During our walks, I aimed to photograph how spaces translate the class struggles in the many different forms of accumulation. Still, I also aimed to capture the responses and counteractions of the oppressed communities that live, resist, persist, and reshape their spaces in many forms of social and cultural activism. As a recent transfer student living in the Bay Area for the first time, the visual geography class helped me better know and understand the spaces surrounding my academic and personal life and to start building a sense of place and community for myself.

Learning photography techniques and how to use a camera was very helpful in improving and clarifying my critical thinking regarding urban environments. A fascinating aspect of my work is present in the ability that I acquired to read and capture the same spaces through different scales and lenses. From macroscales to microscales, I’m capturing San Pablo Avenue’s specificities and singularities that uniquely compose its landscapes and are part of a collective totality. Within this practicable shift between globalized and local scales, I hope my work dialogues with how each individual, group, or community experience and reshape the space based on their senses of belonging and connection to the land, but that it still reinforces a specific necessity of a radical transformation of meanings and realities against the capitalist mode of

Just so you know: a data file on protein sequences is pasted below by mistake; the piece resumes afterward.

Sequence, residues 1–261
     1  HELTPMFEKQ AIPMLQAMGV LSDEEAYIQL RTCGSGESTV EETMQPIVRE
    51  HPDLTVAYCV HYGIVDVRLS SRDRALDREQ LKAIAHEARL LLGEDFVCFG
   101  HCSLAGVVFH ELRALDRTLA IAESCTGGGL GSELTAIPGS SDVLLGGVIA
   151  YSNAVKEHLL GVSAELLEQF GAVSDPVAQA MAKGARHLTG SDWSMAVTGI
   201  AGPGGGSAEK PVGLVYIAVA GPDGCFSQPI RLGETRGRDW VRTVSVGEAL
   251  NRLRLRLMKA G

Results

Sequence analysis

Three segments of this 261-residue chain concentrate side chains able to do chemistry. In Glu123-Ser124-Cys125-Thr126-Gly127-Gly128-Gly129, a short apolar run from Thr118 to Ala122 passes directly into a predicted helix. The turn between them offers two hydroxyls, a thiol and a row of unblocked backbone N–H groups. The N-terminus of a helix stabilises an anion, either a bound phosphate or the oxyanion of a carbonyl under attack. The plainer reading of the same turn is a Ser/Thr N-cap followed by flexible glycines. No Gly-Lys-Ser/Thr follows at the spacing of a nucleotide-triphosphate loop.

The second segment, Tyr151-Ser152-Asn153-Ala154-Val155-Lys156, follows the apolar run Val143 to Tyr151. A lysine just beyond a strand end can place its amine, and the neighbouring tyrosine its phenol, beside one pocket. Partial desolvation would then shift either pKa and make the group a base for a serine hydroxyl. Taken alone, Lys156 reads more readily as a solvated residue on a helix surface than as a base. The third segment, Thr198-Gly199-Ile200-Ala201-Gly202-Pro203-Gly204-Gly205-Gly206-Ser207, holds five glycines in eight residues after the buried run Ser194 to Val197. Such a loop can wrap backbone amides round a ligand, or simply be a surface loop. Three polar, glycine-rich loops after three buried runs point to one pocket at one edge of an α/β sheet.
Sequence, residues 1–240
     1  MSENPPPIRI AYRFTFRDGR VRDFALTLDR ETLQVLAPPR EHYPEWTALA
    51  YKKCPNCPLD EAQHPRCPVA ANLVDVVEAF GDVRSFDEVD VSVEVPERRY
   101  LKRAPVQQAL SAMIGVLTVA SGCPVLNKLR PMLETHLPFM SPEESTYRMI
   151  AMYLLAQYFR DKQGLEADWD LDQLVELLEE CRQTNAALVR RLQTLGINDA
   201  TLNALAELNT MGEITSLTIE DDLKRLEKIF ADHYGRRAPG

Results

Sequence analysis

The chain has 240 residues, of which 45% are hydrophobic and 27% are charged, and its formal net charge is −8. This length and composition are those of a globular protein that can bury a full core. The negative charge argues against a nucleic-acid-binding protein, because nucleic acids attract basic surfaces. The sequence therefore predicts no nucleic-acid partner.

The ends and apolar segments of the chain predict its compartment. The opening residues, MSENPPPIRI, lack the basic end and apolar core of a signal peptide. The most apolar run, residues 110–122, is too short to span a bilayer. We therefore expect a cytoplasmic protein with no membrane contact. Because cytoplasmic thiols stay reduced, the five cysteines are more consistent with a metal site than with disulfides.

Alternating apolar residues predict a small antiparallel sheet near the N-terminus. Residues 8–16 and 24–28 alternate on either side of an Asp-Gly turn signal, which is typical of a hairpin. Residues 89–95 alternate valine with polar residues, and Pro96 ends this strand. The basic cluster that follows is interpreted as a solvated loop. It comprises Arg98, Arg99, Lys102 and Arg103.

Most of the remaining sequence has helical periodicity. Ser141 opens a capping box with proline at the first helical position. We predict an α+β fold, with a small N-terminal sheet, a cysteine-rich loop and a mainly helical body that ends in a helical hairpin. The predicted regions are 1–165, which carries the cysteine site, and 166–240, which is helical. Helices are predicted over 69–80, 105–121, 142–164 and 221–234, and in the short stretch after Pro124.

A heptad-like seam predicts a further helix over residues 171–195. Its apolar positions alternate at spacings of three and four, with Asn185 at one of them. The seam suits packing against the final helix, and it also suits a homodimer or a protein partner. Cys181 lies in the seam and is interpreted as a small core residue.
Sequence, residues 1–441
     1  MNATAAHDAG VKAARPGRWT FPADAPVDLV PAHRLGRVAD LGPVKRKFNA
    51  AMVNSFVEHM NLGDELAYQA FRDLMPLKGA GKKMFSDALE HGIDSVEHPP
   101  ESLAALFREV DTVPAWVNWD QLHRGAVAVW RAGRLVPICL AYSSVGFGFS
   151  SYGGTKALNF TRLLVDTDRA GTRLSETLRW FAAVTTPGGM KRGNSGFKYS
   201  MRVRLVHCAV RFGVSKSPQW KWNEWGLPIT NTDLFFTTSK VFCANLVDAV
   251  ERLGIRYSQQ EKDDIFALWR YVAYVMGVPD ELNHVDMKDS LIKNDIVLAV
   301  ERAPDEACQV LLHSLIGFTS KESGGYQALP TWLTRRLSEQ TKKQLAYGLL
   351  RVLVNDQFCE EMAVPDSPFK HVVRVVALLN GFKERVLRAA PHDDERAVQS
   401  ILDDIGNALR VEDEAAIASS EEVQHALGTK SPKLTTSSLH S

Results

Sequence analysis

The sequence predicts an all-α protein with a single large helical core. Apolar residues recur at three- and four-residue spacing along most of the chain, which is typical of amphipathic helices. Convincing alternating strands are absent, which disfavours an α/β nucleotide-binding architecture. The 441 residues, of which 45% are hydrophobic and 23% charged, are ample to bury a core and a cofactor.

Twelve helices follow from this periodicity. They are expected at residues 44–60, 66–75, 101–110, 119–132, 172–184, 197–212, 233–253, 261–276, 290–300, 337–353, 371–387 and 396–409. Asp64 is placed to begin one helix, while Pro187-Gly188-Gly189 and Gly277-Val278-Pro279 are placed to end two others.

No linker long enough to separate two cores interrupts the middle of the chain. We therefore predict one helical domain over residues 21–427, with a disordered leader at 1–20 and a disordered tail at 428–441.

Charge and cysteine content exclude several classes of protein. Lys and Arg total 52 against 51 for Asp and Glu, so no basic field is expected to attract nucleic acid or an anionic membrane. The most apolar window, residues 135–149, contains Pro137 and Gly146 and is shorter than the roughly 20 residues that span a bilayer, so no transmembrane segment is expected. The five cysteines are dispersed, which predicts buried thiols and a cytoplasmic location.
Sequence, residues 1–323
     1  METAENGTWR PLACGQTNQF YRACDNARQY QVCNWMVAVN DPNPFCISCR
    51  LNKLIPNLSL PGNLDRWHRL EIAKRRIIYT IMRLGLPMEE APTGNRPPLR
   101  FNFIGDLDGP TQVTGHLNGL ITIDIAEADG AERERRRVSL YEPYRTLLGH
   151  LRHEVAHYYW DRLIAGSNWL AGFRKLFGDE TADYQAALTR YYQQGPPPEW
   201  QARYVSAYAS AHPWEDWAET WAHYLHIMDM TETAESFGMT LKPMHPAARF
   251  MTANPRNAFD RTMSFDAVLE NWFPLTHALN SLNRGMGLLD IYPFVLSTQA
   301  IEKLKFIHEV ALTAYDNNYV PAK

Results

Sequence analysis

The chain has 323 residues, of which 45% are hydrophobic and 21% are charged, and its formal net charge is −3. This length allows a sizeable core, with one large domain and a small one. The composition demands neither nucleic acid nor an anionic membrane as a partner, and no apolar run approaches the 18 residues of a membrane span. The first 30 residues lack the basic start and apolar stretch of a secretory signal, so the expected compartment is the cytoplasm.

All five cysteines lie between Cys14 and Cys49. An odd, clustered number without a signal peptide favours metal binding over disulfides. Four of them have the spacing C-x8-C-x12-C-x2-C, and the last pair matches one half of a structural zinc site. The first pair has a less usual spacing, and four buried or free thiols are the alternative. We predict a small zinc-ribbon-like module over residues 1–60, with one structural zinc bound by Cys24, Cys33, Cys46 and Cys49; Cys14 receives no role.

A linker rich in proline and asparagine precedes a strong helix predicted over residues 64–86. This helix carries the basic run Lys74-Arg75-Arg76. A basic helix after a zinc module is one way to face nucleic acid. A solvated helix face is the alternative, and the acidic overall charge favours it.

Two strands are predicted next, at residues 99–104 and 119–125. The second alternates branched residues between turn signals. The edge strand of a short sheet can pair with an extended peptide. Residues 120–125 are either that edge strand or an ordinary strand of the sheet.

On San Pablo Ave is an archive of the work that students in GEOG 189: Visual Geography created in the Spring 2023 semester, the very first iteration of the course. 

The goal of the course is to use photography and walking as methodologies for understanding the places we move through and the people we encounter everyday.